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Re: Greta Thunberg Syndrome and the Question of Global Warmi

Postby Hendrick Laursen on February 19th, 2020, 9:30 pm 

@TheVat, besides the obvious clue in the "vat", I almost instantaneously recognized you when I read some posts. Well, I hope all's well since we're here once again!
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Re: Greta Thunberg Syndrome and the Question of Global Warmi

Postby Serpent on February 19th, 2020, 11:33 pm 

Hendrick Laursen » February 19th, 2020, 8:27 pm wrote:The reason I make the comparison is, not every natural disaster is attributable to climate change or global warming.

That makes no difference to the people injured, bereaved and disposessed by one.
If your terms of reference are financial, then, yes, the rich have more to lose than the poor. However, they're also better placed and better equipped to recover what they've lost.
We may have inhabited a relatively narrow band of planet, but the distribution of wealth certainly isn't natural, any more than the national borders are.
We have invaded, exploited, destabilized and messed up pretty much all of it. I'm not aware the US is coercing anyone to help combat climate change - the present administration is doing everything to hasten planetary destruction except start lobbing nukes - so far, but don't uncross your fingers.
You can't selectively retard an extinction event - we're all in the effort or we all suffer the consequences.
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Re: Greta Thunberg Syndrome and the Question of Global Warmi

Postby Hendrick Laursen on February 20th, 2020, 7:11 am 

I don't agree with your last sentence. The argument behind it is an emotional one

"You can't selectively retard an extinction event - we're all in the effort or we all suffer the consequences."

This might just be technically and statistically incorrect, in order to avert certain greenhouse effect, we need to lower greenhouse gases lower than a certain level. If for example top 20 industrial polluting makers halve their CO2 production, we might just have the numbers to avert it. Human interventions aren't the sole mechanism of CO2 production, though have risen out of proportion.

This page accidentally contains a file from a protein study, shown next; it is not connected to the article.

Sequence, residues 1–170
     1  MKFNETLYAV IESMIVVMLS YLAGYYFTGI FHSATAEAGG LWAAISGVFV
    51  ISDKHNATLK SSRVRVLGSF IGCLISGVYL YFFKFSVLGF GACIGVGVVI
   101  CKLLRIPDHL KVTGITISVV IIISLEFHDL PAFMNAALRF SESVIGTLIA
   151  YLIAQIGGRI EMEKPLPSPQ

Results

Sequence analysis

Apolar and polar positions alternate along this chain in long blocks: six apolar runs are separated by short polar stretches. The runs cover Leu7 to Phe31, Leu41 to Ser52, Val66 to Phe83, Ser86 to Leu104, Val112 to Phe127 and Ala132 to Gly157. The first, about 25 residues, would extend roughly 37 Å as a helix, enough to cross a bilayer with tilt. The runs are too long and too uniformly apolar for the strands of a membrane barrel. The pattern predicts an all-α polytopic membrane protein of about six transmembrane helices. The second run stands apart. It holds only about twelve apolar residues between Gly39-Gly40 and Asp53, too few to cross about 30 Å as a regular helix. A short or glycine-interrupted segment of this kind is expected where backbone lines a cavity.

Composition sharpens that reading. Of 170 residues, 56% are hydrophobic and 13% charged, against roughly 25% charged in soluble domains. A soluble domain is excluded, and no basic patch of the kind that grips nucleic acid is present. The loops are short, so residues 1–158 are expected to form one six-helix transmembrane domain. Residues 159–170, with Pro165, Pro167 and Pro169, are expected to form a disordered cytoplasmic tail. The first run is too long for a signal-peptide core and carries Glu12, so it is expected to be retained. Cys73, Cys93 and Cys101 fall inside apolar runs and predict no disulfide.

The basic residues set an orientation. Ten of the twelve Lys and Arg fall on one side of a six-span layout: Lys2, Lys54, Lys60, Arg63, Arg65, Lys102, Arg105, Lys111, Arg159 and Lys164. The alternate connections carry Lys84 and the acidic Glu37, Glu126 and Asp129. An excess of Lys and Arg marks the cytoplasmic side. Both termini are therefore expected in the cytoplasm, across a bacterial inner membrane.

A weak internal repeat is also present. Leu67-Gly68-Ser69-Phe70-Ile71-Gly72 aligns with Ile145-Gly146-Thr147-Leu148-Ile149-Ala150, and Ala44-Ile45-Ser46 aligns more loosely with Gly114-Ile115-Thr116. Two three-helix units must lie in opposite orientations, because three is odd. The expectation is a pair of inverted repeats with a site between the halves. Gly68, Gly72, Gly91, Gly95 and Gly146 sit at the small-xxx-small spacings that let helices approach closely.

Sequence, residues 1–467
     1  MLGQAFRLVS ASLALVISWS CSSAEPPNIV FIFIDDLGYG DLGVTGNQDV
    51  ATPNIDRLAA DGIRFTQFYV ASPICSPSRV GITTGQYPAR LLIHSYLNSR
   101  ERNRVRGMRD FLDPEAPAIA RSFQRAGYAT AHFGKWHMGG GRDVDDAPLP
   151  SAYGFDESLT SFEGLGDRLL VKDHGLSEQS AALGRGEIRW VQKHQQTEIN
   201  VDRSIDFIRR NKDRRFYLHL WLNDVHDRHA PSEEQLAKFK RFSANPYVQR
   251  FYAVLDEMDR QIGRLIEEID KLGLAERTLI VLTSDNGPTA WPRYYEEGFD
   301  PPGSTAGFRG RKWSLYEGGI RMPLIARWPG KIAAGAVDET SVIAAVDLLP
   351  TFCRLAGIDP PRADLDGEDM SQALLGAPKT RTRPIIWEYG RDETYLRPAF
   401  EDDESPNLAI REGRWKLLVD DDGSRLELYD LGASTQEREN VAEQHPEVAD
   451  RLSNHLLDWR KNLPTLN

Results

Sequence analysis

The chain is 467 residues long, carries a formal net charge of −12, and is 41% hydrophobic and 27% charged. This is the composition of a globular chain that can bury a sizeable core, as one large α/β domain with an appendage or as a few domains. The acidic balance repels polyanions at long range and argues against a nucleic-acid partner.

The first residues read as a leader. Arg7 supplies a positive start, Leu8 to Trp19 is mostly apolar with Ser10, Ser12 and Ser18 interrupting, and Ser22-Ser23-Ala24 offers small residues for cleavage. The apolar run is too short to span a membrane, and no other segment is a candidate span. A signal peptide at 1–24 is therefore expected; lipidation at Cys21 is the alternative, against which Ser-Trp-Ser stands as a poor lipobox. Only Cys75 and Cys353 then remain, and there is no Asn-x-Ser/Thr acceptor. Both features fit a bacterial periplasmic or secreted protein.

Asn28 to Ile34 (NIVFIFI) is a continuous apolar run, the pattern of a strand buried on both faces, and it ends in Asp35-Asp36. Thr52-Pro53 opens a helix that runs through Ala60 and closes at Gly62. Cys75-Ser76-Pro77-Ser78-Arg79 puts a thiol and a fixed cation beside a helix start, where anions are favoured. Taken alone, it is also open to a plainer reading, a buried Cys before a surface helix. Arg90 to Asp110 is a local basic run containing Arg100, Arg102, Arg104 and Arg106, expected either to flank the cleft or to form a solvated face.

So, if the top 20 industries intervene, I don't think the collaboration of Solomon Islands or Micronesia would make any meaningful difference. And I have to emphasize once more, not all countries would be hit in the same proportion, or manner.
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Re: Greta Thunberg Syndrome and the Question of Global Warmi

Postby Serpent on February 20th, 2020, 10:48 am 

Hendrick Laursen » February 20th, 2020, 6:11 am wrote:I don't agree with your last sentence. The argument behind it is an emotional one

"You can't selectively retard an extinction event - we're all in the effort or we all suffer the consequences."

This might just be technically and statistically incorrect, in order to avert certain greenhouse effect,

So, then, which - emotional and inaccurate or statistically correct but wrong?

So, if the top 20 industries intervene,

I take this to mean, lower their own CO2 output, not get between something and somebody,
I don't think the collaboration of Solomon Islands or Micronesia would make any meaningful difference.

Okay. But would it be helpful if the Solomon Islands and Micronesia increased their polluting industry while the UK and Spain decreased theirs?
And I have to emphasize once more, not all countries would be hit in the same proportion, or manner.

True. Oceania is far more vulnerable, physically, than Europe.
It's also true that the most vulnerable, as well as the poorest, nations need and deserve all the help they can get from the nations that became powerful through the colonization and/or exploitation of those that are, as a result, poor now.
But you certainly have not made a case for the US being more at risk than Mongolia, unless you're talking about loss in terms of $$$ - which, in my estimation, is the very least important of all the effects we're already experiencing and can anticipate.